Berlusconi’s reputation as one of Europe’s most remarkable politicians of recent decades remains fully deserved
by James Newell**
When he was booted out of office in 2011, Silvio Berlusconi’s political
career appeared to enter a new, and seemingly final, phase. He was
occupied less frequently in setting the political agenda than in
reacting to agendas set by others. He was already elderly and support
for his Forza Italia (FI) dwindled as the “anti-establishment” mantle
was assumed by the Five Star Movement (M5s).
Then, at the end of 2013, he was expelled from the Senate and banned
from holding public office following a conviction for tax fraud.
Resigned to the fringes, Berlusconi’s role as the driving force in
Italian politics was, until the end of 2016, assumed by the centre-left
Democratic Party (PD) leader Matteo Renzi, with his constitutional
reform agenda. But since then, his fortunes appear to have revived
somewhat. So, with an election coming, is he about to make a political comeback?
On the one hand, support for his party remains well below the levels
seen in the past. Before the pre-election ban on the publication of poll
results kicked in, it stood at 16.1%, which means Berlusconi continues
to have to vie with the 44-year-old Matteo Salvini for
leadership of the centre right. Salvini has succeeded in transforming
the Northern League from a regional-autonomy party into a national
On the other hand, the rivalry between the two has become less
arduous in recent months as polling results have seen Berlusconi’s
party’s numbers slowly rise and place him, once again, in front of the
Whatever the outcome of this election, Berlusconi cannot assume the
role of prime minister because of his conviction. However, there is even
a question mark over that because the law banning him from office
applies to offences he committed before it was introduced in 2012.
Berlusconi has appealed to the European Court of Human Rights arguing
that the ruling contradicts the Italian Constitution, which provides
that “no punishment may be inflicted except by virtue of a law in force
at the time the offence was committed”. He also claims it contravenes a
similar provision in the European Convention on Human Rights.
The elder statesman
The prospects of Berlusconi’s centre-right coalition emerging with an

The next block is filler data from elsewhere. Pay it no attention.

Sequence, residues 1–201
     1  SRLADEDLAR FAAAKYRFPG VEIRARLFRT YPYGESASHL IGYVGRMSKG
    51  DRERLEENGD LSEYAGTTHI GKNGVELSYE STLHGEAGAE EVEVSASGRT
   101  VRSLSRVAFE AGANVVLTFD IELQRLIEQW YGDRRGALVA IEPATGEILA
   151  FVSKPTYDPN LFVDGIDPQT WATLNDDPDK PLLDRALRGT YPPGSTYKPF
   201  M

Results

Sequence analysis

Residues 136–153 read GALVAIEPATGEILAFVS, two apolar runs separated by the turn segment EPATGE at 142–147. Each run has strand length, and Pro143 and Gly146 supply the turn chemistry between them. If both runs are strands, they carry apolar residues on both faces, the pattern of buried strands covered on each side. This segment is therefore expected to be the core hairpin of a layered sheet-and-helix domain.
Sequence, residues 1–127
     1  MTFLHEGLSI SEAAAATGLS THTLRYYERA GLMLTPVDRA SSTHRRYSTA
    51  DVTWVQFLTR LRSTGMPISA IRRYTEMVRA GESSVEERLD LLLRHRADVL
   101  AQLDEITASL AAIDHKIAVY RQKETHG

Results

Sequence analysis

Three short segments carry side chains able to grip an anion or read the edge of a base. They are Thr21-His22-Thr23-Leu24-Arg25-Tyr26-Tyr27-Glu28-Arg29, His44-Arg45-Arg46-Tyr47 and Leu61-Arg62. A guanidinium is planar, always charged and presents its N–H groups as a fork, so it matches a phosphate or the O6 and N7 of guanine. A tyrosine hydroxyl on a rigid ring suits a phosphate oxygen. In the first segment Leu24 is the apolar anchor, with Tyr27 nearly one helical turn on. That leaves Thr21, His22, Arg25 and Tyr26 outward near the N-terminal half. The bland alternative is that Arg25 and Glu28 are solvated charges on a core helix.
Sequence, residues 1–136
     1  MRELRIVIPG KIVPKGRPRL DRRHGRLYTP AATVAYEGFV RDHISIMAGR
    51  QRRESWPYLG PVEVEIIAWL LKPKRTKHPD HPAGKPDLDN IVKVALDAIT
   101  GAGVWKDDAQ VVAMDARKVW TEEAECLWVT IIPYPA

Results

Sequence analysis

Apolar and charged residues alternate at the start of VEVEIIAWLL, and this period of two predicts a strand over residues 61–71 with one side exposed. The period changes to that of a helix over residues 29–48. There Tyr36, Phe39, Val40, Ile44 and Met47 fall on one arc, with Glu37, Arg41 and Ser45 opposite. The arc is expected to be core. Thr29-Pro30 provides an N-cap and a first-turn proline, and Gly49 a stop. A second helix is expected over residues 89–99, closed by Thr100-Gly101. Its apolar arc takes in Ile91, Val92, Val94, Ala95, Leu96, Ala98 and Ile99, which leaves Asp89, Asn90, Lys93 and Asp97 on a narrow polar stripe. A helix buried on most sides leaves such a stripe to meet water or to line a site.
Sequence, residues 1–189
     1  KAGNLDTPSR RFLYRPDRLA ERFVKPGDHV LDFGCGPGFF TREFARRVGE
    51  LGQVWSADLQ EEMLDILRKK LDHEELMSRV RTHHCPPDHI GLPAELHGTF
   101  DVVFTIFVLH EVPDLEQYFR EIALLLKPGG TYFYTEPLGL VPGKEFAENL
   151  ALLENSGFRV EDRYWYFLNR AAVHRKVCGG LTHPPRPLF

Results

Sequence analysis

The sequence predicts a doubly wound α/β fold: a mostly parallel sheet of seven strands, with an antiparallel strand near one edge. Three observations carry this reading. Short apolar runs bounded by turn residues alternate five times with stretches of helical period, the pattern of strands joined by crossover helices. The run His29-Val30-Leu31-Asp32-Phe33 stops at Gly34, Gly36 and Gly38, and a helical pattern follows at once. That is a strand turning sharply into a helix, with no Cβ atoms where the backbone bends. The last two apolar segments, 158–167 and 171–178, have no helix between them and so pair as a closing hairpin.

overall majority in this election look slim indeed. Given the electoral system,
which distributes a third of the seats according to a
first-past-the-post system, and given the showing of the M5s as a
significant “third force”, the smart money is on none of the three main
contenders emerging as an outright victor.
That said, Berlusconi has had a good campaign. He is clearly aware
that, though he may no longer be at the centre of Italian politics, he
might still act as kingmaker. Attempting to appeal to moderate voters
put off by Salvini’s stridency, he has sought to project the image of a
wise elder statesman who has turned his back on his flamboyant past. He
has made pronouncements designed to reassure Brussels and the
international financial markets.
It’s a far cry from the past. In 2002 he lost his foreign minister thanks
to his attempts to capitalise on the initial stirrings of popular
resentment about austerity, immigration and security, and to channel it
in the direction of Brussels. But the transformation should not surprise
– Berlusconi is a salesman, after all; campaigning is the activity at
which he excels.
His coalition, as an electioneering entity, works very well. Its
three main components each appeal to different varieties of more-or-less
right-wing sentiment. So if he appeals to moderates, and Salvini to
those with far-right, anti-immigrant views, his third ally, Giorgia Meloni and
her Brothers of Italy, appeals to those for whom being on the right
means a feeling of affinity with the ideals of national pride never
entirely relinquished by the heirs of Mussolini. If the specific profile
of each party potentially drives away voters, then the presence of one
of the other two serves to reassure them and keep them on side.
And the barely hidden rivalry of the three putative allies has helped
Berlusconi to keep his options open when it comes to the inter-party
negotiations that will be needed to form a government after the
election. If neither M5s, which is without allies, nor the centre left,
which is hopelessly divided, have realistic prospects of forming the
next government, then the only alternative will be a more-or-less grand
coalition. As things currently stand, the most viable option for that
appears to be one based on an arrangement between Forza Italia and the
So as he continues to compete for an overall majority, Berlusconi is
aware that in the event of failure, he might abandon his more extreme
partners for an arrangement that would still place him close to the
centre of power. Love him or loath him, then, his reputation as one of
Europe’s most remarkable politicians of recent decades remains fully
** This article was originally posted on the SPERI website
as part of an IPSG blog series on the 2018 general election. Over the
coming week more blogs will be posted which will be available to read here.